What is grammar?
Grammar is the whole system and structure of a language. The grammar of a language consists of the following:
- Syntax – the arrangement of words within a sentence
- Morphology – the study of how words are structured. This can include prefixes, suffixes and verb endings
- Phonology – study of sound system in a language
- Semantics – study of meaning in language
It is how all these components are interwoven and can affect the other which results in the very complex structure of a language.
Professor David Crystal, a prominent linguist defines and explains the importance of grammar:
‘Grammar is what gives sense to language….sentences make words yield up their meanings. Sentences actively create sense in language and the business of the study of sentences is the study of grammar.’
Why do we need to teach English grammar?
The purpose of teaching grammar is predominantly to provide children with the tools, knowledge and understanding which will help them to write more effectively. As children, and adults, become aware of key grammatical principles and their effects, they will become confident at manipulating written and spoken language to achieve a specific affect or simply to produce structurally sound writing which is cohesive.
Arguments in favour of teaching grammar
- Grammar gives clarity to speech and writing.
- Grammar improves production skills especially in written language (punctuation).
- Unless we understand the grammar of a language, we are unable to use language creatively.
- Grammar enables the learner to create an infinity of sentences.
- It can also be a tool for learning other languages.
How do we teach grammar at our school?
Phase 1 (EYFS & Year 1)
Staff in nursery and reception work hard to provide good models of spoken language and they correct children’s sentence structure orally. As children progress in Year 1 the focus is on using correct tenses in oral language. The teaching and learning is very context based.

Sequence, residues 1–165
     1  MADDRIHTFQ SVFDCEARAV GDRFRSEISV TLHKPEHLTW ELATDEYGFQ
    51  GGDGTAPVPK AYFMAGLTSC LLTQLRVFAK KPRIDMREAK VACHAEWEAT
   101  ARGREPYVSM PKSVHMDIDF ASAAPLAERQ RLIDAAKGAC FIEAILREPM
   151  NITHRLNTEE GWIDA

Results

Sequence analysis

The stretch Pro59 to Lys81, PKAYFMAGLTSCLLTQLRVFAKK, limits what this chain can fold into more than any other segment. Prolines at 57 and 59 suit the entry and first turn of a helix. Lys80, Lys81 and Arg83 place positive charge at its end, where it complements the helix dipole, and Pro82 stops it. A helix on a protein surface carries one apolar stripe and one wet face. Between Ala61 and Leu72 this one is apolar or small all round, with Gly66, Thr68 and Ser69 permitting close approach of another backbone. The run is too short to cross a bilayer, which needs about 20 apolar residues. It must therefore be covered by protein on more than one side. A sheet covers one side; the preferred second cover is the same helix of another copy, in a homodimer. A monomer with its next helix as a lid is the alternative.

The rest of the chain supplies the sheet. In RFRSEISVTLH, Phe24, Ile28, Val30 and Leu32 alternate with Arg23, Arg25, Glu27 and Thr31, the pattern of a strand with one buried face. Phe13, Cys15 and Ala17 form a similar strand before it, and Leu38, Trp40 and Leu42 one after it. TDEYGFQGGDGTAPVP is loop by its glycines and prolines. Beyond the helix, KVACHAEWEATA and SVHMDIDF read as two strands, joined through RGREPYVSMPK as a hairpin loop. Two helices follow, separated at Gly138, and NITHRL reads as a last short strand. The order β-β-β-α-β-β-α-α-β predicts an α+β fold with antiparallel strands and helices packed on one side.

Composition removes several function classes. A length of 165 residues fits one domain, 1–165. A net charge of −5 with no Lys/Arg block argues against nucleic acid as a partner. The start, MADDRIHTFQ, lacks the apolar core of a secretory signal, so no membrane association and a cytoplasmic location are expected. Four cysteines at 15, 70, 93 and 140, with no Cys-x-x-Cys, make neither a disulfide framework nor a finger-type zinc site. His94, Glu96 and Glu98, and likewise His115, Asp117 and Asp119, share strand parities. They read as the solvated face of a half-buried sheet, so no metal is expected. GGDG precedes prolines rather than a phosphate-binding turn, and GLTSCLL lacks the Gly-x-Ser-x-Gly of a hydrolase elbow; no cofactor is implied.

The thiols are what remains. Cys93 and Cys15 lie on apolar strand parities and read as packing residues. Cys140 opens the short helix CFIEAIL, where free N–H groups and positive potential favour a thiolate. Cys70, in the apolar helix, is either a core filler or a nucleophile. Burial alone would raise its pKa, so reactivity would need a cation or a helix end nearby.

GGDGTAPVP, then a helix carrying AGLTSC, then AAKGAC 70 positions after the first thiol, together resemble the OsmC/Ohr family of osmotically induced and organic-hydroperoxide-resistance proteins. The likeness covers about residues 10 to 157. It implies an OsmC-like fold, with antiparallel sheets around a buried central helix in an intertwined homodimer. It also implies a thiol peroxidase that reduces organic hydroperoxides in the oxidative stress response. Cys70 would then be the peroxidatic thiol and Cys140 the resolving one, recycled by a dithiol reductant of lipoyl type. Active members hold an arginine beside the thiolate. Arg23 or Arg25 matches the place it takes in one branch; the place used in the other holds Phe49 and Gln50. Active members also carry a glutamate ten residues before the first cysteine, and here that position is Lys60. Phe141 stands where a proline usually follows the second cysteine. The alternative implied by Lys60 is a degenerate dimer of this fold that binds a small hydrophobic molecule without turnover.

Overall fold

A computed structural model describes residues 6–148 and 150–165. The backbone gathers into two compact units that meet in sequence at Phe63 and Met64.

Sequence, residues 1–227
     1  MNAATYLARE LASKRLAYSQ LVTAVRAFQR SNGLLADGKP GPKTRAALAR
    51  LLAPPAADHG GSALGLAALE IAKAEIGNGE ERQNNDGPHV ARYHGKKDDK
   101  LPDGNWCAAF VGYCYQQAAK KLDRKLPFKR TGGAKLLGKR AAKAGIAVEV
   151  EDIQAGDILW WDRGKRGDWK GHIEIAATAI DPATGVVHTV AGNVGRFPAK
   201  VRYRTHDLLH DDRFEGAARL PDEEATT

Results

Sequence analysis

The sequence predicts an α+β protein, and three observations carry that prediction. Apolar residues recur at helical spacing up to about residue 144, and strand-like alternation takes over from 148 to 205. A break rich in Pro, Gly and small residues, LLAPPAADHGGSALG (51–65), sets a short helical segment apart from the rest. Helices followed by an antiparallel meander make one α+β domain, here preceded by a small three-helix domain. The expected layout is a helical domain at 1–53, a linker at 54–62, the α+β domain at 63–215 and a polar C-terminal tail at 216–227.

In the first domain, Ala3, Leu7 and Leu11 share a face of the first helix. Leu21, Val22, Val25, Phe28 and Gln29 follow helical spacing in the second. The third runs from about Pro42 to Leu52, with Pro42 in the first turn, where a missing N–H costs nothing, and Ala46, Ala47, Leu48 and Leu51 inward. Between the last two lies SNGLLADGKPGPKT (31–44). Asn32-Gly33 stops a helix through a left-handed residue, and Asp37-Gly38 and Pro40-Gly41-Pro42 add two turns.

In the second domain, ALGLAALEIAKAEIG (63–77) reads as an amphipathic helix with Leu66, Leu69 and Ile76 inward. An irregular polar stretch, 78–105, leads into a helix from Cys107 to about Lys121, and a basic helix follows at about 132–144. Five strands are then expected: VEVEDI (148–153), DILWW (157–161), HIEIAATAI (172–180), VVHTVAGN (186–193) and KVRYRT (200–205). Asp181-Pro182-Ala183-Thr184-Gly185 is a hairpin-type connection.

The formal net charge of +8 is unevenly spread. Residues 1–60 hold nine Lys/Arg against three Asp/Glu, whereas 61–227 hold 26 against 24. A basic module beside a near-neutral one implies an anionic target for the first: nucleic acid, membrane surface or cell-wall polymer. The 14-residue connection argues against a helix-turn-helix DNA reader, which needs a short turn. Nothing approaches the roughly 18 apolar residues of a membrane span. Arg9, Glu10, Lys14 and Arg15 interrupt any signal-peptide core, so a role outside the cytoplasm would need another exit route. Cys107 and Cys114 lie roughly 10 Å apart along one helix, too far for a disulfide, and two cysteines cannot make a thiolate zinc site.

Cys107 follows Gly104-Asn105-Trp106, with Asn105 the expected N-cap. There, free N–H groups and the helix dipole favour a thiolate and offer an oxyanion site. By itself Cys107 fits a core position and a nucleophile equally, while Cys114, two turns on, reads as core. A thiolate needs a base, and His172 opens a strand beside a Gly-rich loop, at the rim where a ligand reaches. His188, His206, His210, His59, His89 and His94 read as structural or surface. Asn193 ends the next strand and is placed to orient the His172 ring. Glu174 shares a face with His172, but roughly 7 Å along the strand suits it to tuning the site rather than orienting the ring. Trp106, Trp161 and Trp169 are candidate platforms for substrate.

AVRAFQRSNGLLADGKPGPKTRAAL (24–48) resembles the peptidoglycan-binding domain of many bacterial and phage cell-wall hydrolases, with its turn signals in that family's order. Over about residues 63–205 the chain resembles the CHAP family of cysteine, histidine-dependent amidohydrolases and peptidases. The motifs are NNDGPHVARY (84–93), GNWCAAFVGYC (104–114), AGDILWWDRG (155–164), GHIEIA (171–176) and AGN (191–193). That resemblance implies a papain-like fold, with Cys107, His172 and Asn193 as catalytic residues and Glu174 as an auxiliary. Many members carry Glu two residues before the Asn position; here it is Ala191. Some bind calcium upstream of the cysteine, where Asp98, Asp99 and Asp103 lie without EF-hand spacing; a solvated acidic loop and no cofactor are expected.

Simple grammar in written language is addressed as part of the literacy lesson. There is a short warm up activity at the beginning of each lesson which teaches and allows children to apply simple grammar and punctuation to language.
Phase 2 (Year 2 & 3) and Phase 3 (Year 4, 5 & 6)
All year groups will use a Basic Skills session for the discrete teaching of grammar. This 30 minute session will focus on one area of grammar. The teaching will ensure that children are exposed to the correct terminology. There will be activities planned which address various learning styles and encourage active learning.
This weekly grammar session will provide the focus for the literacy warm up activities. Teachers will plan a 5-10 minute daily warm activity which helps with overlearning of key concepts and terminology. It provides an opportunity to rehearse, develop an understanding of, and how to embed the grammar in their own writing.
What do we teach at our school?
As a temporary measure, class teachers are addressing gaps which have presented themselves in the children’s’ knowledge and understanding of grammar. They are planning lessons which are meeting the needs of their learners. These areas are not always corresponding to the areas to be covered as set out on the Yearly Literacy Overviews for each year group.